A persistent chemical formerly used in Scotchgard still contaminates most fish in U.S. rivers and the Great Lakes despite a phase-out a dozen years ago, a new federal study shows.
Many of the homes being razed in Detroit are in neighborhoods where people still live. So Detroit officials sat down before the blitz to come up with some new regulations designed to keep people safe from dust, and from hazardous materials that could be in that dust – like lead, or asbestos.
An outbreak of respiratory illness first observed in the Midwest has spread to 38 states, sending children to hospitals and baffling scientists. As of Thursday, the Centers for Disease Control and Prevention had confirmed 226 cases of infection with enterovirus 68.
The French government has unveiled controversial new measures to cut the number of its smokers, including introducing plain cigarette packaging. The proposals are specifically aimed at reducing the high rates of teenage smokers in France.
Voters in San Francisco and Berkeley will consider a 1 or 2 cents per ounce sin tax on sugar-sweetened drinks on the ballot in November. If the tax passes in one of the two cities, as polls show it might, it’ll be the first loss for the beverage industry, which has emerged undefeated in more than 30 similar fights in recent years.
Because we're unwilling to learn from history, we are starting to relive it. And children are the victims of our ignorance. An ignorance that, ironically, is cloaked in education, wealth and privilege.
On Oct. 28, the Berkeley City Council will consider legislation that could make it the first U.S. city to require retailers to warn consumers that radiation from cell phones may be hazardous to their health.
U.S. Senator Charles Schumer was in Albany yesterday to push a new bill banning the 10 most toxic flame retardants.
Pregnant women who live in leafy, green neighborhoods are less likely to have premature or low birth weight babies, a new study suggests.
Data released from the Department of Health and Senior Services confirms what people who have lived near Cold Water Creek have been saying for years. They feared the rare cancers they were getting at an early age were directly related to radioactive contamination in the creek.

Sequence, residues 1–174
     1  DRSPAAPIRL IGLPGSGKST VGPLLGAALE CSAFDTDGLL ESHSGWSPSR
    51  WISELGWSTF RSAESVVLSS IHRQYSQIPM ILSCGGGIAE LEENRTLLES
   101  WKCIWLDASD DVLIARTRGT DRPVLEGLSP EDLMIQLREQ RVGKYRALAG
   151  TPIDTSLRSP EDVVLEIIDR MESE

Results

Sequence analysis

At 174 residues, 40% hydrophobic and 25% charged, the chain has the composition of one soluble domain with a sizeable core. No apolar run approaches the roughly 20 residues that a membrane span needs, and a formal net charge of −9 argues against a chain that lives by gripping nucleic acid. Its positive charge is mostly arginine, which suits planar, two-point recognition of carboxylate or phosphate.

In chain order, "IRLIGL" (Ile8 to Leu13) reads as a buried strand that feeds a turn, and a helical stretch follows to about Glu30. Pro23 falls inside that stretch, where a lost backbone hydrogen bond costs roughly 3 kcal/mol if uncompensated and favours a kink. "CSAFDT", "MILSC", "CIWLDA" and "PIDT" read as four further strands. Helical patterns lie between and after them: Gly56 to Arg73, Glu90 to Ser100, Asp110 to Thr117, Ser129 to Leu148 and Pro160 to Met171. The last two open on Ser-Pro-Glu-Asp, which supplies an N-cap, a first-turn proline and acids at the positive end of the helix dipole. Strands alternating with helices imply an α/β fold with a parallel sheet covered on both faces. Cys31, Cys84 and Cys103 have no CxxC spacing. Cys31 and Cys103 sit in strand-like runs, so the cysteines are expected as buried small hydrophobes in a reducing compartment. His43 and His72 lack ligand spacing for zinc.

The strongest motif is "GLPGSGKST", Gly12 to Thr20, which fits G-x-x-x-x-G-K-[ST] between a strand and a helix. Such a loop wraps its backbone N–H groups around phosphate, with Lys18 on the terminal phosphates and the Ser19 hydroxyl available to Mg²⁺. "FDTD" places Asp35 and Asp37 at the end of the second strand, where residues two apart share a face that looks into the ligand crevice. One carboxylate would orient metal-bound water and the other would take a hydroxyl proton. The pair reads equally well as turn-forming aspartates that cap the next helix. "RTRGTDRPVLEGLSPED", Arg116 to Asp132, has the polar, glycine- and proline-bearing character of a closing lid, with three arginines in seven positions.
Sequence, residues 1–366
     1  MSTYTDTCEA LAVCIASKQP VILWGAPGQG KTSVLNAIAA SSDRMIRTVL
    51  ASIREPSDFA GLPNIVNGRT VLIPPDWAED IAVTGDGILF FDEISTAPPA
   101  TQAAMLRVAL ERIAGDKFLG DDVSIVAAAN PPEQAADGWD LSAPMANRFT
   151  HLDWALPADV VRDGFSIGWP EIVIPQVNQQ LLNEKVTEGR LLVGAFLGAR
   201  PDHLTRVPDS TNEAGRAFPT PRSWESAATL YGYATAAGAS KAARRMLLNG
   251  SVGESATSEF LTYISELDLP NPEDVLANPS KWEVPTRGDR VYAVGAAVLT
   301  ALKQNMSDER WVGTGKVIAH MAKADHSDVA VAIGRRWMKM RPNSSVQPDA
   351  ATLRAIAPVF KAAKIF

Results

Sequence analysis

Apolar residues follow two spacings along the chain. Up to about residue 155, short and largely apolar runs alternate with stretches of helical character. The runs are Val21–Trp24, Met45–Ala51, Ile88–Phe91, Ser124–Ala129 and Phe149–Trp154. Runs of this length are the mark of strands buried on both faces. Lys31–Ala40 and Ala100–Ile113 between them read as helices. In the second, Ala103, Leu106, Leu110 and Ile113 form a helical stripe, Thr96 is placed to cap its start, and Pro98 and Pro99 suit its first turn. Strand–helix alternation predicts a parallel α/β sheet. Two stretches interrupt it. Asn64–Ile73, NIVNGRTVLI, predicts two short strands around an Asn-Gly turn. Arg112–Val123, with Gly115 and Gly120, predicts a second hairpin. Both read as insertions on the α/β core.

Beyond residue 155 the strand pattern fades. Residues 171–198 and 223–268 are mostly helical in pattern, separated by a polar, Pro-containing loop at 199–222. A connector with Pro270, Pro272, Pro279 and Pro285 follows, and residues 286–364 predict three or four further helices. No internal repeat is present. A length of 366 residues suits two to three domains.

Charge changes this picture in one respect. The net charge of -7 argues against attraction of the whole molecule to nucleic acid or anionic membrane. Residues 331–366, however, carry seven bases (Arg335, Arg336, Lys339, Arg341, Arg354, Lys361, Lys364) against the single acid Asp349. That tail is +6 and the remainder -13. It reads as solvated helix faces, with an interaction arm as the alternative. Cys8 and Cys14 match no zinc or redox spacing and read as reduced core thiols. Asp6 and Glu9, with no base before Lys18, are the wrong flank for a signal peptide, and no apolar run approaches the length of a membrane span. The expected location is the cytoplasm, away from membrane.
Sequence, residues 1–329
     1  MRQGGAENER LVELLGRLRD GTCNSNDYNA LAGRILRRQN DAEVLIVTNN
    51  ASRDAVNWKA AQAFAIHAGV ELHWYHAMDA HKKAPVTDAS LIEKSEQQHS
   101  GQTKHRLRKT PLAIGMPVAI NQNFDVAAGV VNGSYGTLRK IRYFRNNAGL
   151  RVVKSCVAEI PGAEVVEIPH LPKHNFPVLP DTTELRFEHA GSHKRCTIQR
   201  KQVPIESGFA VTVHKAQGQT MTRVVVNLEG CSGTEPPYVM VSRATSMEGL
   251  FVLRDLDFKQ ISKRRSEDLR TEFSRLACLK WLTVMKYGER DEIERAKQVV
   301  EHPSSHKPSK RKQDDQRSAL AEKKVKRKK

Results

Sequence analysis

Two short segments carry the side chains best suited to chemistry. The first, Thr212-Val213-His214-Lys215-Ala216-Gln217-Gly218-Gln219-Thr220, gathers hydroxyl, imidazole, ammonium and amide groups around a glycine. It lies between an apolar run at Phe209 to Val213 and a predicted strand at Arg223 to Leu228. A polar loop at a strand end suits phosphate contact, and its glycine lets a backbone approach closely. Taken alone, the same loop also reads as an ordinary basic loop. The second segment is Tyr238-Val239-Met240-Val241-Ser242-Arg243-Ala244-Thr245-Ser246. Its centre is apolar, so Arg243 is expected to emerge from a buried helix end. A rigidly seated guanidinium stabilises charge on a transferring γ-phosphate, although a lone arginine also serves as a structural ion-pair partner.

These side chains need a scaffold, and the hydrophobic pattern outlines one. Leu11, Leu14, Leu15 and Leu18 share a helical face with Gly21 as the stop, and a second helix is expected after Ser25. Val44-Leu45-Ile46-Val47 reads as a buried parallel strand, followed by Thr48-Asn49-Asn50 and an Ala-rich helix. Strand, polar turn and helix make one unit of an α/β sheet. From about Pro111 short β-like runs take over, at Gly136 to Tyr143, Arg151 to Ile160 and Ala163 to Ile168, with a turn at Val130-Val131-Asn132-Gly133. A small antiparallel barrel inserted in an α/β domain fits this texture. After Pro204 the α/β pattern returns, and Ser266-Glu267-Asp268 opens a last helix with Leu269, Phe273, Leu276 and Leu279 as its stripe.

New York is right to not blindly follow other states that have green-lighted fracking without thoughtful consideration of these consequences. It's difficult to turn back the clock once public health and safety has been jeopardized.
By coincidence, the People's Climate March comes just two weeks after the fiftieth anniversary of the signing of the Wilderness Act. It's time to double-down on wildness as a touchstone for our relationship with the rest of life on Earth.
For 3 billion of the world’s people, cooking can be downright dangerous, according to the World Health Organization: Four million premature deaths a year are blamed on exposure to toxic smoke from cooking fires.
Thirty-five House Democrats are urging the Obama administration to prohibit children from working on tobacco farms, citing concerns about ill health effects.
The commitment, made Tuesday at the 10th annual Clinton Global Initiative, was an acknowledgment by the companies of the role their products play in the country’s obesity crisis and the escalating rates of diabetes and heart disease that accompany it.
A new U.S. Geological Survey study shows that pesticides continue to infiltrate the nation's streams, however, the types of pesticides mixing with the water are changing.
Biking, walking and other active forms of transportation are just a few ways that reducing our use of fossil fuels may benefit not only the planet but also our health and the economy, according to a study published in the Journal of the American Medical Association on Monday.
While the researchers noted that a surprisingly large number of pregnant women in the study smoked cigarettes, which contain cadmium, even the non-smokers in the study had high levels of the element in their blood. But the reason for the exposure in non-smokers was unclear.
Four cases of a virus that can cause severe respiratory illness in infants and young children — especially those with asthma — have been found in California, state health officials announced Thursday. Officials confirmed three cases of enterovirus D68 in San Diego County and one in Ventura County.
For Marc Polite, climate change is certainly important – but on the day of the Climate Change March, it competed with a commitment to his cultural heritage. Other individuals from the African American community expressed similar sentiments.